Delhi digs deep to ease pollution

India’s capital made tracks into the future on Sunday when its first underground trains began to run.

Designed to cut pollution and improve life for 14-million people crowded into the traffic-choked capital, the Delhi metro has been running an 18-stop overground service since March.

The underground service connects Delhi University to Kashmere Gate, one of the main bus terminals. By next September, another 23-station underground line will be opened, linking the main shopping district and the commuter belt, months ahead of schedule.

The metro is the first serious attempt to check traffic levels on India’s congested roads, with the aim of cutting air pollution by half in three years. Delhi vies with Mexico City as the world’s most polluted capital and two-thirds of air pollution comes from traffic.

The city plans to have nearly 64km of metro running by December 2005 with a capacity of two million passengers a day, theoretically doing away with the need for 2 600 buses.

India’s capital already has nearly four million vehicles, which is more than the figure in the three other major Indian cities of Mumbai, Calcutta and Madras put together.

Environmentalists have long called for public-transport improvements in Delhi, which, thanks to a booming economy, has 10 000 new cars on the roads every month.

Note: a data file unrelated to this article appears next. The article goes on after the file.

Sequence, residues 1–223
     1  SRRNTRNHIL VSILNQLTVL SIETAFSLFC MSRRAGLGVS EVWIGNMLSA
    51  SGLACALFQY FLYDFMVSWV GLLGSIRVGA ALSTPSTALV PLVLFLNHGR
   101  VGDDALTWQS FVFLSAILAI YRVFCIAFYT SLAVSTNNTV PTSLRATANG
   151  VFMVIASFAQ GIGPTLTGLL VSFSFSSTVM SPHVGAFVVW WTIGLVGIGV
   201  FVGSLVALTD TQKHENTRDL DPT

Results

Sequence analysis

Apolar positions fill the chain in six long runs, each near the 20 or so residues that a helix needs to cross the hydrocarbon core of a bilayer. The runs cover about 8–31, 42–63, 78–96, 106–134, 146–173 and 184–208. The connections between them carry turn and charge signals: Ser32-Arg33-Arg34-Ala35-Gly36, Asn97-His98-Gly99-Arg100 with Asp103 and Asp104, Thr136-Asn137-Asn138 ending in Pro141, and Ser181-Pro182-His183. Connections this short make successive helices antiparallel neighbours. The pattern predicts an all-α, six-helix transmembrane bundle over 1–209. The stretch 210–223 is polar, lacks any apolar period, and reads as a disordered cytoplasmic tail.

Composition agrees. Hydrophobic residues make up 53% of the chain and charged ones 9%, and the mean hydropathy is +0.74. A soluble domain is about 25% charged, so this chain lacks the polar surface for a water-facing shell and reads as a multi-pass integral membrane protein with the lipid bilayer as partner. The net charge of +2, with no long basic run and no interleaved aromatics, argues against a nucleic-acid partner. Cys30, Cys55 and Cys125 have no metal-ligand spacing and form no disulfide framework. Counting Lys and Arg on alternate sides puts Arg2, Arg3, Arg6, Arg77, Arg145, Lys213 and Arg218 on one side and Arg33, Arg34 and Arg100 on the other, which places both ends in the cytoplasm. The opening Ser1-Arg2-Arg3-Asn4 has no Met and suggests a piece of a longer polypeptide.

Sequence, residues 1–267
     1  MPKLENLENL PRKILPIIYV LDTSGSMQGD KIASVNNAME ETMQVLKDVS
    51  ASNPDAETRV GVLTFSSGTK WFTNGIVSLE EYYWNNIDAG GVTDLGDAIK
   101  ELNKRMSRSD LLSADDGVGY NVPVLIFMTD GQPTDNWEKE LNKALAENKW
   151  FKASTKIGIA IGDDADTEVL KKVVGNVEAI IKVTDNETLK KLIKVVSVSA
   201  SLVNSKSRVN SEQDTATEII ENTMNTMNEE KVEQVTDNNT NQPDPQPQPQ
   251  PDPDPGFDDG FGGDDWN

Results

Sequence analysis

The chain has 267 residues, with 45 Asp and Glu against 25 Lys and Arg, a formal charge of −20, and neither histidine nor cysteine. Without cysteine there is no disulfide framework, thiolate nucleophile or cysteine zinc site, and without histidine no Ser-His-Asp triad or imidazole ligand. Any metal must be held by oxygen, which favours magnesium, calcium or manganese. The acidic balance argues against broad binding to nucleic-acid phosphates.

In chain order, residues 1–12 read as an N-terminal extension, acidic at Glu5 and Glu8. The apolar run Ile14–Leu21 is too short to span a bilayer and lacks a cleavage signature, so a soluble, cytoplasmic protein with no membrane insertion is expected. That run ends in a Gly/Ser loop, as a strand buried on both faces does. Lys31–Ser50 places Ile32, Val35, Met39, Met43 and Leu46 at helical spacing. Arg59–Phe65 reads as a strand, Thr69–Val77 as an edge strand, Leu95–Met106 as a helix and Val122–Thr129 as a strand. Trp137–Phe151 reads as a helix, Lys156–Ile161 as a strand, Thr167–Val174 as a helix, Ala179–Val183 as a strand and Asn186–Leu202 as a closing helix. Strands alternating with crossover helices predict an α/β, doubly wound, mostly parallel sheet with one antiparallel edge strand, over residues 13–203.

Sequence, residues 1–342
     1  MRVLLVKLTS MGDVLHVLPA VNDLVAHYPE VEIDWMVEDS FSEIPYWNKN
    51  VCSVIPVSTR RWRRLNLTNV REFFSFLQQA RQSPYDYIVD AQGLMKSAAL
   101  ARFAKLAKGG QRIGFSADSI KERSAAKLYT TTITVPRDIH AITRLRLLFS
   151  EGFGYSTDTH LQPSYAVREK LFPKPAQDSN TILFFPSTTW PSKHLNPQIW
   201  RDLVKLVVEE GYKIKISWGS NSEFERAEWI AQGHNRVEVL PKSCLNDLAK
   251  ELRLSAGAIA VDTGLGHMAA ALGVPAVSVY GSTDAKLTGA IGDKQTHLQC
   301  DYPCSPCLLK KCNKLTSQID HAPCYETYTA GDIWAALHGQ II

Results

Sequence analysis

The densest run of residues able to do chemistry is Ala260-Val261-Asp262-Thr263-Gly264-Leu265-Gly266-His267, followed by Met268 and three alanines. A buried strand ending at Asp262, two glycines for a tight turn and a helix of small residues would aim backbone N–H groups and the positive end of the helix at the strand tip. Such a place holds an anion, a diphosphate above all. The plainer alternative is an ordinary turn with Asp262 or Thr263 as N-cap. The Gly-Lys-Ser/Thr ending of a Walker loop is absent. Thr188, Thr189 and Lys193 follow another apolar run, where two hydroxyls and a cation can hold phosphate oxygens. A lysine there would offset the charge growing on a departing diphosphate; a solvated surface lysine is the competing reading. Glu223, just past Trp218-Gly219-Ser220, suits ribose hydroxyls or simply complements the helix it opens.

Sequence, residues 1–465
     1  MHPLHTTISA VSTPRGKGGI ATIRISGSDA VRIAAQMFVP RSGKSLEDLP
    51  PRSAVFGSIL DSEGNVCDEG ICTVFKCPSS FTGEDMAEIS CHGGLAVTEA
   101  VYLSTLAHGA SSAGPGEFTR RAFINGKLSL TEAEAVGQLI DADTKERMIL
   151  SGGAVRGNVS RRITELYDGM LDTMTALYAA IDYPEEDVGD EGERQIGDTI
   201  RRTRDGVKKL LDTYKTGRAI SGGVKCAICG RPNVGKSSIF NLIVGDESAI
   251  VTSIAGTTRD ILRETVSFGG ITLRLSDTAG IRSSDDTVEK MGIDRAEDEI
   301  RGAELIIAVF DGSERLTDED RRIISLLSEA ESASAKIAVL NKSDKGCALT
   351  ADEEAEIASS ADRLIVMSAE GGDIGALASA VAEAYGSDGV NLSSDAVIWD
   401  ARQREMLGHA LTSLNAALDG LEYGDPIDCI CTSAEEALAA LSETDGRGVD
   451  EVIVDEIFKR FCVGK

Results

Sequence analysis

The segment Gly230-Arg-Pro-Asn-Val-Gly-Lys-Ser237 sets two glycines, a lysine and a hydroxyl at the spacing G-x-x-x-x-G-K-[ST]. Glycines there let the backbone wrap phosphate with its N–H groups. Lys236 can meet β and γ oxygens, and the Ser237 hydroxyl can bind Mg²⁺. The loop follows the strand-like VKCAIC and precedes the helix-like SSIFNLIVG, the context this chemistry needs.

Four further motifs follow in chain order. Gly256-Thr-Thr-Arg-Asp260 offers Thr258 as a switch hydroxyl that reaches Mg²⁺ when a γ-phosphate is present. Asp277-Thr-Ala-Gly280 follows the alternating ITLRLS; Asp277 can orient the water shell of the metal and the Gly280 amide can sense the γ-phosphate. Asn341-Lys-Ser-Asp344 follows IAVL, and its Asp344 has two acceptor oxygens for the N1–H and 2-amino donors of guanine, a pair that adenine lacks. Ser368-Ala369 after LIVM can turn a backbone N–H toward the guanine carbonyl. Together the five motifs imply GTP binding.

Fares have been set deliberately low, with the journeys costing at little as six rupees (R0,78).

The Delhi metro is being built in three phases, the first of which will be completed by the end of next year.
By 2010, the plan is for the network to link 225 stations on 248km of track and connect Delhi’s centre, Connaught Place, to outlying districts currently dominated by shopping malls and call centres.

Clean, efficient, built on time and within budget, the metro has set new standards for India’s crumbling infrastructure projects.

The service is a far cry from the overbooked, sweaty carriages of the Indian railway system, where stations double as homes for the destitute.

Instead, the metro’s air-conditioned stations are constructed from marble and glass. Commuters mingle with Indian tourists who gape at the spotless and roomy carriages. Those who have never been on an escalator approach them as if they were mined.

Modelled on the Hong Kong system, Delhi’s metro is technologically 100 years ahead of most of the London Underground.

Trains arrive every four minutes and punctuality rarely dips below 100%.

“The trains could be driven without drivers, but India psychologically is not ready for it,” said Delhi Metro Rail Corporation spokesperson Anuj Dayal.

When the overground service opened in March, more than a million people tried to use the system on the first day. The project is costing 100-billion rupees (R13,4-billion), two-thirds of it lent by Japan.

It is seen as a vital test for a government that wants to attract more than R890-billion of foreign investment in infrastructure in the next decade.—Guardian Unlimited Â

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